We have used Adams‐Bashforth numerical algorithm and MATLAB programming to simulate the system of differential equations. Availability of quantitative values for molar concentrations and reaction rate constants has been a bottleneck for the researchers who are interested to study the dynamic behavior of the signaling pathways for which pathway diagram alone deposited in the databases. Since the molar concentrations and reaction rate constants are not same in the cell types and organisms, we have assumed reasonable values for the parameters representing them in concurrence with the values used in the other MAPK pathway modeling works published in the journals. In this work, for the sack of analysis, we have considered only the plots which represent molar concentrations of the activated JNK and P38 kinases. The plots in (Figure 3) are obtained by simulating the system of equations (3a‐3e under supplementary material) without cross‐talk terms, which represents the dynamic model of JNK cascade. The plots in (Figure 4) are obtained by simulating the system of equations (3f‐3l, see supplementary material) without cross‐talk terms, which represents the dynamic model of P38 kinase cascade responses to unit‐step input signals. The plots in (Figure 5) are obtained by simulating the system of equations (3a‐3l, under supplementary material), which represents the dynamic model of JNK and P38 Kinase cascades with cross‐talks, responses to unit‐step input signals.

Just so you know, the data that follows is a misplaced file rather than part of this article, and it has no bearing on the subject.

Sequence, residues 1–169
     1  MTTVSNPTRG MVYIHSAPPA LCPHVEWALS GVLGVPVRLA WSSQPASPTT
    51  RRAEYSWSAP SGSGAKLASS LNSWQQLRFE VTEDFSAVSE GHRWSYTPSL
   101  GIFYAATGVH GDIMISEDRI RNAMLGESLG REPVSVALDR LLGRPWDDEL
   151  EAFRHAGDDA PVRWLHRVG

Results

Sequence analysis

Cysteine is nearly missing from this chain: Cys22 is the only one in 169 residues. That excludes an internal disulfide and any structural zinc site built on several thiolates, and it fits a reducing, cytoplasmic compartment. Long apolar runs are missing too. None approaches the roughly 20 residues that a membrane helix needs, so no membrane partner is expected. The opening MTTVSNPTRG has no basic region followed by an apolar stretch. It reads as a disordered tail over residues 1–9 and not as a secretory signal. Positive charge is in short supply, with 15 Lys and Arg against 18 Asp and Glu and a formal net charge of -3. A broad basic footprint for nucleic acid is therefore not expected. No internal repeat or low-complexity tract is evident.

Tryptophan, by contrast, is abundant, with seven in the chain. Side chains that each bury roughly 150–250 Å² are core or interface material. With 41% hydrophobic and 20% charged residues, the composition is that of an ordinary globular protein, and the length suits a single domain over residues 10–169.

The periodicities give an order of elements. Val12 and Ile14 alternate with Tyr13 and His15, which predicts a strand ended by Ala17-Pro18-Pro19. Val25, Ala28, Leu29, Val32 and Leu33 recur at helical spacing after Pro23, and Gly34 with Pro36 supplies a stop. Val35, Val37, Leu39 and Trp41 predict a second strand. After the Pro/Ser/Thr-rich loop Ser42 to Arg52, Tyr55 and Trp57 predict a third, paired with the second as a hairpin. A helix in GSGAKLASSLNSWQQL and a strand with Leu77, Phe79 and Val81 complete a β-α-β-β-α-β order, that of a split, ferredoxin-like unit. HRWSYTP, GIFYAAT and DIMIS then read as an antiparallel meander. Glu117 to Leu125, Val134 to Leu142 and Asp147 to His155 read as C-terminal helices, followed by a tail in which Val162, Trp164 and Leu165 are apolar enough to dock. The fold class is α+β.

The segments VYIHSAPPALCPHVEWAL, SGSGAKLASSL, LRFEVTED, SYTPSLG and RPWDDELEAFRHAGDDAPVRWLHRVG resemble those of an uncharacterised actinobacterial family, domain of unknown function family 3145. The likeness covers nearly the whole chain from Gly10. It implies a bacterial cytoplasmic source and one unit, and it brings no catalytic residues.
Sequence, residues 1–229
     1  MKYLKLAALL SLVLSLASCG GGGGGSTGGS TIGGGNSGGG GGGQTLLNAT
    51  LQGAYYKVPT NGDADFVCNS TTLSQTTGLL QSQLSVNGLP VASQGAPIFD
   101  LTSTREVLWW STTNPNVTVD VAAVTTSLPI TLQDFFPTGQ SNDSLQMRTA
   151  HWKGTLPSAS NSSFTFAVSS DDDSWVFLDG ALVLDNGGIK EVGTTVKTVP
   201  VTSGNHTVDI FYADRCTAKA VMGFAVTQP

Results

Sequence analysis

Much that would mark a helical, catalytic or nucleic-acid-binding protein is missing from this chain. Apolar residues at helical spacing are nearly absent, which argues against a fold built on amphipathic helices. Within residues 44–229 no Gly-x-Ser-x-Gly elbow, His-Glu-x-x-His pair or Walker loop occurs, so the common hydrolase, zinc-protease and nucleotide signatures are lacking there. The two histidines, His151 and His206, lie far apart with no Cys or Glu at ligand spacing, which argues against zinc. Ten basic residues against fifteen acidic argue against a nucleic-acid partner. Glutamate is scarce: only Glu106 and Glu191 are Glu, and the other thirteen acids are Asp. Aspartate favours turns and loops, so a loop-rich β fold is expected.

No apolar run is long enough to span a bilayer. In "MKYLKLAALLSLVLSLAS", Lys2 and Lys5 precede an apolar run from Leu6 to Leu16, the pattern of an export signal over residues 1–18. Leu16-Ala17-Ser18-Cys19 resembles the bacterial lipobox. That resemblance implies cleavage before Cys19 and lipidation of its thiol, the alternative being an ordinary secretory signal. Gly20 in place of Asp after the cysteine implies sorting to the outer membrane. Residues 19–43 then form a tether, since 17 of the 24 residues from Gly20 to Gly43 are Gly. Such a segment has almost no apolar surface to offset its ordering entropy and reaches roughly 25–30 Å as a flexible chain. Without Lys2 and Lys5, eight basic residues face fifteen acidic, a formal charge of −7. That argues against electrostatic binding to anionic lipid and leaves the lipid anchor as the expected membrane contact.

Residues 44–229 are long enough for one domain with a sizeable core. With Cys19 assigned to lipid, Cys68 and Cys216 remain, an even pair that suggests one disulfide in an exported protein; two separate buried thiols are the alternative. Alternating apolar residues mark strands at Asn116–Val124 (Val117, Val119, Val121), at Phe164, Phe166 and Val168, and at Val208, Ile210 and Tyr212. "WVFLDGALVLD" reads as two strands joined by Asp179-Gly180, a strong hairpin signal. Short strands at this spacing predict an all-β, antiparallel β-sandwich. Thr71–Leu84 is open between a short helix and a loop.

Figure 3
Figure 3
Simulation of the JNK cascade
Figure 4
Figure 4
Simulation of the P38 kinase cascade with unit‐step input signal.
Figure 5
Figure 5
Simulation of JNK and P38 kinase cascades with cross‐talks and unit‐step input signal.